Wednesday, April 23, 2014
The Associated Press
AUGUSTA — A proposed referendum that would ban bear hunting in Maine using bait, dogs or traps would lead to a large growth in Maine's bear population and put residents in serious danger, officials from Gov. Paul LePage's administration and outdoors groups said Monday.
In this October 2012 file photo, a black bears at the Maine Wildlife Park in Gray. The state would see more bear-human conflicts and "put residents in serious danger" if Maine banned bear baiting, says the LePage administration.
John Patriquin / Staff Photographer
A coalition including organizations like the Sportsman's Alliance of Maine has formed in response to the recent announcement that Mainers for Fair Bear Hunting is gathering signatures to put the bear baiting referendum on the November 2014 ballot. More than 60 Democratic and GOP lawmakers, as well as the Republican governor, have joined the opposition to the proposal.
Backers of the referendum say methods like bear baiting, or using rotting food to attract bears to a single spot to hunt them, are inhumane and unnecessary. But opponents said Monday that banning those methods would compromise the state's ability to control the bear population, estimated at more than 30,000. State wildlife biologists estimate that banning them would mean about 2,000 fewer bears hunted each season.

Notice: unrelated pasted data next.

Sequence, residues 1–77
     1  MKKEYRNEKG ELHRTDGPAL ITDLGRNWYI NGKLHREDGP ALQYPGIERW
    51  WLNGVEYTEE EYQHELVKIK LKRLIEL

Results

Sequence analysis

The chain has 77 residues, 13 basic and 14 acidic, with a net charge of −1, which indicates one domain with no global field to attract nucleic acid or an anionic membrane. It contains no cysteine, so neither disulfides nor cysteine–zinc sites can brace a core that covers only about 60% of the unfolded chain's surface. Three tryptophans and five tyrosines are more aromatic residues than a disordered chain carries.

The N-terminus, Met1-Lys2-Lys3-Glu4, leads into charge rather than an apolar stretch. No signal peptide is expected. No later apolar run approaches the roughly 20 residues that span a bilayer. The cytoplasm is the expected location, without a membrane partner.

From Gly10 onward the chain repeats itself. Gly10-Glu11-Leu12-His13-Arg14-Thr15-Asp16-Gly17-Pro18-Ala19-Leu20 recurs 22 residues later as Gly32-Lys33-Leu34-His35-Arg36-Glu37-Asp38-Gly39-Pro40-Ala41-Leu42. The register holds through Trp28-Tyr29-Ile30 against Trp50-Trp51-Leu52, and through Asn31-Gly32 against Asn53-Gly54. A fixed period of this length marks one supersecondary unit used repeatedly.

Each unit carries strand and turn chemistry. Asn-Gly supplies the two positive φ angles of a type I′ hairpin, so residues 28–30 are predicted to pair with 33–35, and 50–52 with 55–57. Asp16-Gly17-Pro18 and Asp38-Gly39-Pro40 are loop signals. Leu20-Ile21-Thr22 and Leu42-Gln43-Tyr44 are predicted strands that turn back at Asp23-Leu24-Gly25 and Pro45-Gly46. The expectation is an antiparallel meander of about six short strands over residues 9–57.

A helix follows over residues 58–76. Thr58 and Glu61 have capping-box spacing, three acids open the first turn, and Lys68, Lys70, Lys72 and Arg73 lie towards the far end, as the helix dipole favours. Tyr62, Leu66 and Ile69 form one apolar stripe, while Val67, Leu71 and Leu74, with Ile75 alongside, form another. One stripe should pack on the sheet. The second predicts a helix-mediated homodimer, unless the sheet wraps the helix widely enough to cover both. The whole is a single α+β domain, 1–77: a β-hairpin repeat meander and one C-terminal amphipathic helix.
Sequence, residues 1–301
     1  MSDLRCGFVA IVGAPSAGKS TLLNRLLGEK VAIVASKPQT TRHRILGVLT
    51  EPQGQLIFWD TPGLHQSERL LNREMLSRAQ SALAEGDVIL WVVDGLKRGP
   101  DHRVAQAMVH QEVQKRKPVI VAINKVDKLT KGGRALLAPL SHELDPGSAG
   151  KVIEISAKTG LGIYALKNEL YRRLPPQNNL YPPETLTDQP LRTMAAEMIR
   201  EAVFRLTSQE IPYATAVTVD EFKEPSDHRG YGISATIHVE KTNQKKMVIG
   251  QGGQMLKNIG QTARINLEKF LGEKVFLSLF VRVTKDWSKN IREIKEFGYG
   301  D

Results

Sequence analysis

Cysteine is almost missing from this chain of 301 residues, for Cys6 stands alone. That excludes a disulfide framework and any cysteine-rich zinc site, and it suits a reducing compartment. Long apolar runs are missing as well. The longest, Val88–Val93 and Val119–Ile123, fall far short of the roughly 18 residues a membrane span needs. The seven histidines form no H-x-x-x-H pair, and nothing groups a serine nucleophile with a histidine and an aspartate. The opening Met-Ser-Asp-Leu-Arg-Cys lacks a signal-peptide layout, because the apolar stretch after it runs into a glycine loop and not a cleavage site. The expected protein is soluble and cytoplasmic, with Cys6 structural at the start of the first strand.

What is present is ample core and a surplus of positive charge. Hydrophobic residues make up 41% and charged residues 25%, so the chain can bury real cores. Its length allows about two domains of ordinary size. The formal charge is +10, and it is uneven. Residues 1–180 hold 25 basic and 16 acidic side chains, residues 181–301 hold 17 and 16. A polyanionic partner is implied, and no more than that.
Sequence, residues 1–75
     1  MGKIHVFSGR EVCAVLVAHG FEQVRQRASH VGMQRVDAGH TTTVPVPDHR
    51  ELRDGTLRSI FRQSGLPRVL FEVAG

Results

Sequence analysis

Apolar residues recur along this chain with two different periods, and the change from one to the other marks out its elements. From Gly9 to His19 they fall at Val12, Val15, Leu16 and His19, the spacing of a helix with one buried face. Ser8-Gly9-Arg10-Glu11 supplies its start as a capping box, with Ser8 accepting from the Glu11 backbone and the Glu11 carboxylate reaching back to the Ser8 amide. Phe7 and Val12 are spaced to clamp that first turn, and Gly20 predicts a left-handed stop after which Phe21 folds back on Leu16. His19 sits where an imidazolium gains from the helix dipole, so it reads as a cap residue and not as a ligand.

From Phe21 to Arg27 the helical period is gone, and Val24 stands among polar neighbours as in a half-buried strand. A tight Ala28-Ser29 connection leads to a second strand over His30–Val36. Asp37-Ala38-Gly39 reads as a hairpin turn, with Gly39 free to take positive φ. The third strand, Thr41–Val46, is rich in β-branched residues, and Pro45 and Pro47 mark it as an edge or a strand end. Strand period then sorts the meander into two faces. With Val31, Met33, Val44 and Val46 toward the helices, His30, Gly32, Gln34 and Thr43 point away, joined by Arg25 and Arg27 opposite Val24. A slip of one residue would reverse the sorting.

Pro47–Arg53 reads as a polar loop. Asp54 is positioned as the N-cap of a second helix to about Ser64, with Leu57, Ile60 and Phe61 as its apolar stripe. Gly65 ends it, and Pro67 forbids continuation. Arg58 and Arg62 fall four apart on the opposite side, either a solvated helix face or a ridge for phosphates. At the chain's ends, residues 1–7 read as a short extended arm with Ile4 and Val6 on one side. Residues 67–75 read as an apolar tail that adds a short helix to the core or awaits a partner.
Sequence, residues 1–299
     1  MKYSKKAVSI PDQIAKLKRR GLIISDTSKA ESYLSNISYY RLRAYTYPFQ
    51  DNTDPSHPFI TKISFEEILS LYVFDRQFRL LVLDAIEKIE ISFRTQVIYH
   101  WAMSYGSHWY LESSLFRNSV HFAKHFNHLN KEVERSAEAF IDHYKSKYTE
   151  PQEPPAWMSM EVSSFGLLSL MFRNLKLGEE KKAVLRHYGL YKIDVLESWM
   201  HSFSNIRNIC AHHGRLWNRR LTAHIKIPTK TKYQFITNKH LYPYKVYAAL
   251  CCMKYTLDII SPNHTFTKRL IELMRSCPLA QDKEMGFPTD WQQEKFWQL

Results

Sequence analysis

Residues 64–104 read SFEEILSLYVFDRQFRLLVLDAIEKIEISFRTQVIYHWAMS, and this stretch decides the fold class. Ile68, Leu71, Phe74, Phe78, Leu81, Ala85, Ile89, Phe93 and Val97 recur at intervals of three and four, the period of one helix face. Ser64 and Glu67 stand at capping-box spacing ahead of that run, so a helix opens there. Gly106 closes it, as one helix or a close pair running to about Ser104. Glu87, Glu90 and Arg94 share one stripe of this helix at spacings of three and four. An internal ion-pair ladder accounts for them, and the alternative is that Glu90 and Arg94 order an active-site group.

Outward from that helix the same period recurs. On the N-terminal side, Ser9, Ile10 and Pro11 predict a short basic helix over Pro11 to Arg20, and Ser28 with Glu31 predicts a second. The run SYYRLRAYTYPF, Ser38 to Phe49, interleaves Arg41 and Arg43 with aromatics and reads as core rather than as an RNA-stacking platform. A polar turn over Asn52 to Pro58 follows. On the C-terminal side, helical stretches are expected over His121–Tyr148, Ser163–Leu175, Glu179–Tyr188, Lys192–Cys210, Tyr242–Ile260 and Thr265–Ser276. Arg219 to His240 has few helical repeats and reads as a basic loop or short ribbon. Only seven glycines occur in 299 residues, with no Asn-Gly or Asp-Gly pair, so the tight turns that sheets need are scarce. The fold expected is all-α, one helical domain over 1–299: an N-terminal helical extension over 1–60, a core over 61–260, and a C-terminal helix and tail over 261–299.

"We would see an increase in the number of bear-human conflicts that would cost the state and residents money," said Chandler Woodcock, commissioner of the Department of Inland Fisheries and Wildlife. "We would have to remove more bears lethally from problem areas."
But Katie Hansberry, campaign director for Mainers for Fair Bear Hunting and Maine state director for the Humane Society of the United States, said that when other states, like Colorado, Washington and Oregon did away with hunting using bait and dogs, bear populations remained stable and states actually saw an increase in bear hunting participation.
"It's proven that these practices have no place in responsible bear management and they can very much manage the bear population without resorting to these," she said. Baiting is actually part problem because habituating bears to human food and smells and makes them more likely to seek out humans in the wild, she said.
A similar referendum effort failed in Maine in 2004, but Hansberry said they now have 10 more years of data from other states that have banned these practices to make its case. The group, which is backed by the Wildlife Alliance of Maine and several local humane societies, says it plans to get 80,000 signatures, well-exceeding the 57,277 valid signatures needed to get a measure on the ballot. It's holding an event on Tuesday in Augusta to kick-off its campaign and begin collecting signatures.
But opponents say that Maine's heavily wooded terrain sets it apart from other states and makes the methods essential to hunt bears. They also say that stifling bear hunting will hurt Maine businesses and take away desperately-needed jobs in rural Maine. When the referendum was proposed in 2004, it was estimated that almost half of the bear guides in Maine would have to close their businesses, said Don Kleiner, executive director of the Maine Professional Guides Association.
"It's no secret that the recent recession hit rural Maine and our small businesses hard," he said. "Taking away the economics of Maine's bear hunt would only compound the difficulty that many of these businesses are experiencing today."